GROZNY, Russia (AP) - Security chief Alexander Lebed declared an end Saturday to Russia's disastrous war in Chechnya, saying Chechen separatists had agreed to suspend their demand for independence for five years.
"The war is over," Lebed proclaimed from Khasavyurt, a village south of Grozny where he concluded the peace deal with top rebel leaders, the Interfax news agency said.
The agreement's mention of the possibility of Chechen independence goes farther than any previous deal in the bloody 20-month-old war, and appears to commit Russia to addressing the question five years from now.
"I can tell the soldiers' mothers that soldiers and innocent civilians won't die on Chechen territory," Maskhadov said at the end of nearly nine hours of negotiations.
Lebed had been expected to offer Chechnya a greater degree of autonomy within Russia in addition to postponing a final decision on its political status.
The peace agreement follows a truce Lebed negotiated last week. Under that pact, Russian troops have been withdrawing from the Chechen mountains and Grozny, which the rebels overran this month.
Top Kremlin figures had approved the proposal that Lebed took to the rebels, although it was not known how much the terms were changed during negotiations. Previous agreements to halt fighting in the republic have collapsed, with both rebel fighters and the military sometimes reluctant to follow their leaders' pledges.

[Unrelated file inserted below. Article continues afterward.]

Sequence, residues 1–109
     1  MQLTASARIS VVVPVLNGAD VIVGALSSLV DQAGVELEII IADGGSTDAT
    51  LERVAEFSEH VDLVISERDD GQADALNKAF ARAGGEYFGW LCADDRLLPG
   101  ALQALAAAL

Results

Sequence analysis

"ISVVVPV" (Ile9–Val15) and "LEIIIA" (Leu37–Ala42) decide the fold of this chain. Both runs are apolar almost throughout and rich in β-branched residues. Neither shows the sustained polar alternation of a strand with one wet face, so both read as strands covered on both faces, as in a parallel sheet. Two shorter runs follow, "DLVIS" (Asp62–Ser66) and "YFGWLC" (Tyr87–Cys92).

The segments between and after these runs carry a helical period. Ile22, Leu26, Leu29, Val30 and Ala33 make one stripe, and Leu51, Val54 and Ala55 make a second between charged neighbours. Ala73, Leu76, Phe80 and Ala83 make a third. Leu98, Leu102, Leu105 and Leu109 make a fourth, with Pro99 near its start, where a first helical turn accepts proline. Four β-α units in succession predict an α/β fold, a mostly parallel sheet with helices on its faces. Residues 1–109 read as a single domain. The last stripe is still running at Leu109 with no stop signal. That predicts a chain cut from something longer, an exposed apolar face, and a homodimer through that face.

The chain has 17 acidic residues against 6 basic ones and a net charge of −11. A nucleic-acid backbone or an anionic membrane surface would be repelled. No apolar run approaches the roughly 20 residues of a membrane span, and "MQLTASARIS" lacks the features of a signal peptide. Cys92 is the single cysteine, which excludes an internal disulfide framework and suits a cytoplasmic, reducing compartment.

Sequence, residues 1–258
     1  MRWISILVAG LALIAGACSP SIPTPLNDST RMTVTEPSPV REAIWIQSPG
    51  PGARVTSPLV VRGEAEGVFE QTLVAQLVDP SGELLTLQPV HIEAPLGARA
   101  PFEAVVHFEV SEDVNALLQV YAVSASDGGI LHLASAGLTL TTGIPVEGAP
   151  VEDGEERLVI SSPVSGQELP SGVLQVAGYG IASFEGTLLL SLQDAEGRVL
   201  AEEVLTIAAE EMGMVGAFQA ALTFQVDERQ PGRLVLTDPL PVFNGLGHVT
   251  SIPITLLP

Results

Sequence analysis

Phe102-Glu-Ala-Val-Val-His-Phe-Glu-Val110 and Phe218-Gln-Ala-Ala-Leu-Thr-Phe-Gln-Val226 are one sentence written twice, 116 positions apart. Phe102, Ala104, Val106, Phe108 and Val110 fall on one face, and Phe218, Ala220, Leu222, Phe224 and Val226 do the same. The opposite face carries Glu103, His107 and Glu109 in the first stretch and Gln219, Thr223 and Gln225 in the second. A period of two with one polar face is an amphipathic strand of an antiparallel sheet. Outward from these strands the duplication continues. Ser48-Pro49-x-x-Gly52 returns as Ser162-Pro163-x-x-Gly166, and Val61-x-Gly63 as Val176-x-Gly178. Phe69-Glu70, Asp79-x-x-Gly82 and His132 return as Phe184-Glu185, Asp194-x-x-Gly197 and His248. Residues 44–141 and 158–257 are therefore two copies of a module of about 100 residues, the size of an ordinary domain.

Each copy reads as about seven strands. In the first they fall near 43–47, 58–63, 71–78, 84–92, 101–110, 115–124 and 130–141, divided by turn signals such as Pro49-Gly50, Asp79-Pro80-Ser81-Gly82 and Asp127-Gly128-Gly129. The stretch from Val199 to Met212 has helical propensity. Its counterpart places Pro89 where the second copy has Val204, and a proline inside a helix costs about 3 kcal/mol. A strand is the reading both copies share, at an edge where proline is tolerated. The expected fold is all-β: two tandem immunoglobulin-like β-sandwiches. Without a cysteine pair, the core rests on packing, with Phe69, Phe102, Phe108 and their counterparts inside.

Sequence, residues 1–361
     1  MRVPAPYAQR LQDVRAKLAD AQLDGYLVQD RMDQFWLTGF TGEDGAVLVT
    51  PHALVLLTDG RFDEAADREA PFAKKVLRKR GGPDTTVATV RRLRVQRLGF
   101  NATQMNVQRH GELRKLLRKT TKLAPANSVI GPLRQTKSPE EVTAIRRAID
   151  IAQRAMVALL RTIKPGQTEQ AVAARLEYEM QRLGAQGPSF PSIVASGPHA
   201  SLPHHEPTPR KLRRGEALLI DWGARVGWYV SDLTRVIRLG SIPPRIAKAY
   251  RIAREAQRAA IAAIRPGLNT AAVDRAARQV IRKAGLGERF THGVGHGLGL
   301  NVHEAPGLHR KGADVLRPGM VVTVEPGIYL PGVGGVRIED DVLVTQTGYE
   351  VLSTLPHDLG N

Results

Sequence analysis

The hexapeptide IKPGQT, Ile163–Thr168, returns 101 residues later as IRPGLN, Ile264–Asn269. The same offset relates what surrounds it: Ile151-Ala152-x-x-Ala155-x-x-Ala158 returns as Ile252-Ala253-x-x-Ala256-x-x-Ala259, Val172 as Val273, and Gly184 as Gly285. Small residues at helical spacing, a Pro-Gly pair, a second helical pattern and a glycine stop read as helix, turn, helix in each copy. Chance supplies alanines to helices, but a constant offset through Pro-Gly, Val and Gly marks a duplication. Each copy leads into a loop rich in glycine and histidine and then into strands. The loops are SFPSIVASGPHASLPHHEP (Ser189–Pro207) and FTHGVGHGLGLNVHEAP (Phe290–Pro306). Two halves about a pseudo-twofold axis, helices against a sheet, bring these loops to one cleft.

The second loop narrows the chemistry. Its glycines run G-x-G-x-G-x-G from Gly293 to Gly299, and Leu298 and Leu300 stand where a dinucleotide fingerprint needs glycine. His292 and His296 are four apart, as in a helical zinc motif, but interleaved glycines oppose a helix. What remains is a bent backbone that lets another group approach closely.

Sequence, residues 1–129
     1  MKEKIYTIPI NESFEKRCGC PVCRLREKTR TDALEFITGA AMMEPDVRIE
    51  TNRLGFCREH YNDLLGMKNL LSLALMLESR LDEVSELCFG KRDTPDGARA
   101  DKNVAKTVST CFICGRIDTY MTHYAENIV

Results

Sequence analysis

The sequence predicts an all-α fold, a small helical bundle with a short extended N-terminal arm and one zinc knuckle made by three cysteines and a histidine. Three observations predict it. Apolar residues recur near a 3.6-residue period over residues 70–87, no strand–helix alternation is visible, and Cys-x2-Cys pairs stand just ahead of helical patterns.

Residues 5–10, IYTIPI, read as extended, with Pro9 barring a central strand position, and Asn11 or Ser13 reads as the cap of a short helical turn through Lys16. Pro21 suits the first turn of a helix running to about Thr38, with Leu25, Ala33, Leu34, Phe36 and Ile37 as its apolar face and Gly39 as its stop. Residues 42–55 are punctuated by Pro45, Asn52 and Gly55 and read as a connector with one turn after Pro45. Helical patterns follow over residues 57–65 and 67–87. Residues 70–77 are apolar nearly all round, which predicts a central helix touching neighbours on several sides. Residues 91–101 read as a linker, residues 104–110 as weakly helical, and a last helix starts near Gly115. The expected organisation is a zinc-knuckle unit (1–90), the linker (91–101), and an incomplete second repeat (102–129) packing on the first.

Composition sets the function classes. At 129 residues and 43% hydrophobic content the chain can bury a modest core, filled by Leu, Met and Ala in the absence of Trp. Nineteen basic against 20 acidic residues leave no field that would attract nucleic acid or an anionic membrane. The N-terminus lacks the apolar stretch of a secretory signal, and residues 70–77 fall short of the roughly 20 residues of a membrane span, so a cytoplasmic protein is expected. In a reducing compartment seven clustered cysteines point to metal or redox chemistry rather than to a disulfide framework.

It wasn't immediately clear whether the new agreement alters Chechnya's current status, or whether it sets a specific mechanism for the decision on Chechnya's independence.
Interfax said the Chechen delegation cheered Lebed after the signing ceremony.
Chechnya, a mostly Muslim region in southern Russia, declared independence in 1991; the war started when President Boris Yeltsin sent in troops to force the rebels back under Moscow's control. Fighting since then has killed an estimated 30,000 people.
The degree of Moscow's support for the new agreement was unclear, and there was no immediate statement from the Kremlin.
In the past, Yeltsin has said he will not let Chechnya secede.
Interfax reported the Russian pullout from Grozny and mountain regions would be complete Saturday. Only about 1,500 Russian troops remained in the city as of Friday night.
An official with the Russian general staff said 11,000 servicemen were now concentrated at five bases outside the city.
About 250 fighters from each side will stay in the devastated capital on joint patrols established to enforce the truce and maintain order.
"Today we can say with satisfaction that the military agreement we have signed earlier has been observed unfailingly," Lebed said earlier in the day.
The former general said he'd spoken with Yeltsin by telephone, but refused to say whether the president approved his plan.
Prime Minister Viktor Chernomyrdin said Friday the plan was "coordinated" with the president.
Yeltsin has maintained a public silence on the peace proposal despite increasing pressure to end the unpopular war. Aides say the president, who is on vacation at a hunting lodge outside Moscow, had studied Lebed's proposals.
Yeltsin has distanced himself from his security chief - as he often does with underlings handling a particularly controversial task - ever since putting Lebed in charge of resolving the Chechen conflict on Aug. 10.